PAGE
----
Sept. 29, 2000
STANFORD, Calif. - Randy Fasani, Stanford's starting quarterback through the first three games of the 2000 season, underwent arthroscopic surgery on his left knee earlier today at the Stanford Hospital. Fasani, who had the same knee surgically reconstructed in high school, suffered a "strained ligament and torn cartilage of the left knee," according to Dr. Gary Fanton, Stanford's team orthopedic surgeon.
"Surgery was successfully performed today and consisted of a further exam of his knee under anesthesia and arthroscopic evaluation," said Fanton. "A torn cartilage was treated arthroscopically. We are also very pleased to report thatany new injury to the ACL graft was much less than we feared and that his recovery should be much faster than previously thought. Injuries of this nature typically recover in the range of 3 to 5 weeks (depending upon how quickly strength and motion improves). A full recovery to Randy's preinjury status is expected," he said.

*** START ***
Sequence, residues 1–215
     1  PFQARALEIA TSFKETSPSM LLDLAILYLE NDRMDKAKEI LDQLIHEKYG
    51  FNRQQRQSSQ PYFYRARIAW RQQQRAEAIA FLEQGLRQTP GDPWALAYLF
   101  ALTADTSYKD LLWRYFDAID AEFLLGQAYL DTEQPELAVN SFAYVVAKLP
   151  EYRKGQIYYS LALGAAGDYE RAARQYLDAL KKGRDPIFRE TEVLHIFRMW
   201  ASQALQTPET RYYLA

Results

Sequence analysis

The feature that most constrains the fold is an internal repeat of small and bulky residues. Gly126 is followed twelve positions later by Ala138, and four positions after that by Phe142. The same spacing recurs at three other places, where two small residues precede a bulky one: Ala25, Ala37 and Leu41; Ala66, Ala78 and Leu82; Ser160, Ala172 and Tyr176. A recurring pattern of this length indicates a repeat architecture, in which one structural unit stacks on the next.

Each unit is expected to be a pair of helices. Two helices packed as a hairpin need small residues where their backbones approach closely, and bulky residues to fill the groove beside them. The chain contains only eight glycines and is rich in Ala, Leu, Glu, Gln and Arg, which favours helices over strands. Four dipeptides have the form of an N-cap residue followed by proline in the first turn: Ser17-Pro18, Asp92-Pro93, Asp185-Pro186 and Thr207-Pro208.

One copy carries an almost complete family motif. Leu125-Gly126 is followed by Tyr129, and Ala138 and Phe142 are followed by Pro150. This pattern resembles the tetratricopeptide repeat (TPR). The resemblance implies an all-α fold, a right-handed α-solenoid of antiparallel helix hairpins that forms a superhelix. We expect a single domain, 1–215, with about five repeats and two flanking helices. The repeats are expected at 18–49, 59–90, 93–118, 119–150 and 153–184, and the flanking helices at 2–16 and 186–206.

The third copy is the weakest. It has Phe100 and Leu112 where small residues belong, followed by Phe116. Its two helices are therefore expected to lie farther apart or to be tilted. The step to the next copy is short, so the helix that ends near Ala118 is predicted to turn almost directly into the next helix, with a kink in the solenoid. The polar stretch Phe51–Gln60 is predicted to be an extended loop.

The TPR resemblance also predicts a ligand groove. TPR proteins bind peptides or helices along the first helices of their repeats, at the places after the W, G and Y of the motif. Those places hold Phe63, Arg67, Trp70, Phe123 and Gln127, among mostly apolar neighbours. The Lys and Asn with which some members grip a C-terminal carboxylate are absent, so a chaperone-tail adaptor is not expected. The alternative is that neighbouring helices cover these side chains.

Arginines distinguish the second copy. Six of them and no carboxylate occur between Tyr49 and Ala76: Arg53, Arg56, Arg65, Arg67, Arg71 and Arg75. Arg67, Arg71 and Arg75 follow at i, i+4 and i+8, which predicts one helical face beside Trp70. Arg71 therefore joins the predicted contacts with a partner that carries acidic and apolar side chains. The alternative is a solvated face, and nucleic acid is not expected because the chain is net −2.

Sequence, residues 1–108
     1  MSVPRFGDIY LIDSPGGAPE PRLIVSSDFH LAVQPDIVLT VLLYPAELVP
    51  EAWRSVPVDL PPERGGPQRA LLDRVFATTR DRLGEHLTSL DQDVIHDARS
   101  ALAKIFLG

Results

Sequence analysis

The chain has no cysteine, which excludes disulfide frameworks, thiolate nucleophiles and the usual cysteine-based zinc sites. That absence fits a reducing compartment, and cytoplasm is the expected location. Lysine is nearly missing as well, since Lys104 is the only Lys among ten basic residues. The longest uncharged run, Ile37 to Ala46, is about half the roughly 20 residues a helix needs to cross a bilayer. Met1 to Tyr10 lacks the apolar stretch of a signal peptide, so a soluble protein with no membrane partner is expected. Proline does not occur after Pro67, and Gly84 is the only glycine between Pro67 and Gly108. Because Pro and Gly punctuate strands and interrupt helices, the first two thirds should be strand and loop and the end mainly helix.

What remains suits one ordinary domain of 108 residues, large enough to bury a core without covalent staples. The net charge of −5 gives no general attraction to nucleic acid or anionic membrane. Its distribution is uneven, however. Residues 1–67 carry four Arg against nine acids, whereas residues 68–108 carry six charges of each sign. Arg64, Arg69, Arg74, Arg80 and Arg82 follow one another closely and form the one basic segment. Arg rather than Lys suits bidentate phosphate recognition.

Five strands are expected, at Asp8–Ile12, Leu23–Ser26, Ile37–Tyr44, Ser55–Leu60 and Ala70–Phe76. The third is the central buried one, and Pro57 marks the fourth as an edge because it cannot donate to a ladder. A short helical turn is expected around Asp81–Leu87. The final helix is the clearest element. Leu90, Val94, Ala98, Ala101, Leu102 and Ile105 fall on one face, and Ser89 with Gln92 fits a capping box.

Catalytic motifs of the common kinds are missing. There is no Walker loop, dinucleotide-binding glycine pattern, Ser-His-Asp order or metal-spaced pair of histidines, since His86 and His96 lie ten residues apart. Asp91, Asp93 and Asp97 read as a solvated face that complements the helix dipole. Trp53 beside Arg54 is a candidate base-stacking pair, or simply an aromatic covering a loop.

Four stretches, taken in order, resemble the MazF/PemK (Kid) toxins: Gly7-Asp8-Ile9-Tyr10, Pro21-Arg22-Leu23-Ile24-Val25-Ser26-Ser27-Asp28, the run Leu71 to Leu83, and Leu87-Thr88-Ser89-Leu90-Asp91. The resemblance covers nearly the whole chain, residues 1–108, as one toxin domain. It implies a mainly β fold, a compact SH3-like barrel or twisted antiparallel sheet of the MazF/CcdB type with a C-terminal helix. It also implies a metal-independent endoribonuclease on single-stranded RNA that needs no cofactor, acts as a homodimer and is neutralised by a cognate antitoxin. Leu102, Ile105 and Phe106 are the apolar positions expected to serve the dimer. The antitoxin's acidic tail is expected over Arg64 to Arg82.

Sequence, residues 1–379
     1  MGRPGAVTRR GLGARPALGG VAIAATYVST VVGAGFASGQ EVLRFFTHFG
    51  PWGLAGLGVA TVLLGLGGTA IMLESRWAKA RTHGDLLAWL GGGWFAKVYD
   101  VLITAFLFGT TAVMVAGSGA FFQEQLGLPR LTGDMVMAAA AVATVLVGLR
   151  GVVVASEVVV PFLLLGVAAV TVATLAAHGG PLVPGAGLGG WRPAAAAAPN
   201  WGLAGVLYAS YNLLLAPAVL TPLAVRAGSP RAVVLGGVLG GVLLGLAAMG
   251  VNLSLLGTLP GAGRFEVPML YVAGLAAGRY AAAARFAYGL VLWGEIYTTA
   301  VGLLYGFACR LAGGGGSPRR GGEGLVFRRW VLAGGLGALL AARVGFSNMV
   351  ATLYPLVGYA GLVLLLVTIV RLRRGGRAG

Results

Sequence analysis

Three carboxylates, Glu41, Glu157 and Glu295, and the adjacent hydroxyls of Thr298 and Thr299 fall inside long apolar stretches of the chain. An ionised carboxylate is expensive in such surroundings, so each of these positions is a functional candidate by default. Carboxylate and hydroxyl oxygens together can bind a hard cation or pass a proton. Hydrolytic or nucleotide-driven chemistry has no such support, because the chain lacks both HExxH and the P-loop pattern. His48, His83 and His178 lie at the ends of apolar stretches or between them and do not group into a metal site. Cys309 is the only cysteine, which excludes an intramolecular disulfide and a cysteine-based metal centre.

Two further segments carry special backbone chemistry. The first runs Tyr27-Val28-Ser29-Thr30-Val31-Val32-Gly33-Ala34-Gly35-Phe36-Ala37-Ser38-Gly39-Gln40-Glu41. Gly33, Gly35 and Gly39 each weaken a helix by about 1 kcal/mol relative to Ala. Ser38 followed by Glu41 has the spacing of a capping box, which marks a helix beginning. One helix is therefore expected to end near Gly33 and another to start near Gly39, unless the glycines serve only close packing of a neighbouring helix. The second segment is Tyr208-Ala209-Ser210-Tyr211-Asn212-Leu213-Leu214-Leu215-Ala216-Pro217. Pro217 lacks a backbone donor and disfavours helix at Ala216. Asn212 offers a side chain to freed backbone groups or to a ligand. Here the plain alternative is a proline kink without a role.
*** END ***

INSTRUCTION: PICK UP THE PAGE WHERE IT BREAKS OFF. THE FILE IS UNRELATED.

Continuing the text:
Fasani suffered the injury on September 16 in Stanford's 27-24 win over Texas at Stanford Stadium. "Tests after the injury (exam, xray, and MRI) suggested possible damage to his cartilage (meniscus)and anterior cruciate ligament," said Fanton.
Fasani, a senior with two years of eligibility remaining, redshirted the 1997 season as a true freshman, then played a backup role in '98 and '99. In three starts this season, he completed 37-of-71 passes for 664 yards and six touchdowns. He is currently first in the Pac-10 and fifth in the nation in pass efficiency (155.7 rating) and second in the conference and 27th nationally in total offense (232.33 ypg).
Sophomore Chris Lewis, who replaced Fasani in the first quarter against Texas, has been named the Cardinal's starter in Fasani's absence.
"Randy has a great work-ethic and a tremendous will to be the best he can be," said Stanford head coach Tyrone Willingham. "I know Randy will work through this injury and do everything he can to get back on the field as quickly as possible. Randy's positive attitude is an example to others who incur difficult situations," said Willingham.